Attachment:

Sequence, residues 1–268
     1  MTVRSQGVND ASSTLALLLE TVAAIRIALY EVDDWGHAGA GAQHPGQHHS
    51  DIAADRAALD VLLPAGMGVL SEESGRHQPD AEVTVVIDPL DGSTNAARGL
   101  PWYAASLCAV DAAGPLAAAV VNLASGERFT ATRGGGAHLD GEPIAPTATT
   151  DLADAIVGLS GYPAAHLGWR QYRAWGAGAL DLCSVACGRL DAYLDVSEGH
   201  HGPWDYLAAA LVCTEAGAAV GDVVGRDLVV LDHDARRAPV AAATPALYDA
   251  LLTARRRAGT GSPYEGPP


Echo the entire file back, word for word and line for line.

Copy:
Sequence, residues 1–268
     1  MTVRSQGVND ASSTLALLLE TVAAIRIALY EVDDWGHAGA GAQHPGQHHS
    51  DIAADRAALD VLLPAGMGVL SEESGRHQPD AEVTVVIDPL DGSTNAARGL
   101  PWYAASLCAV DAAGPLAAAV VNLASGERFT ATRGGGAHLD GEPIAPTATT
   151  DLADAIVGLS GYPAAHLGWR QYRAWGAGAL DLCSVACGRL DAYLDVSEGH
   201  HGPWDYLAAA LVCTEAGAAV GDVVGRDLVV LDHDARRAPV AAATPALYDA
   251  LLTARRRAGT GSPYEGPP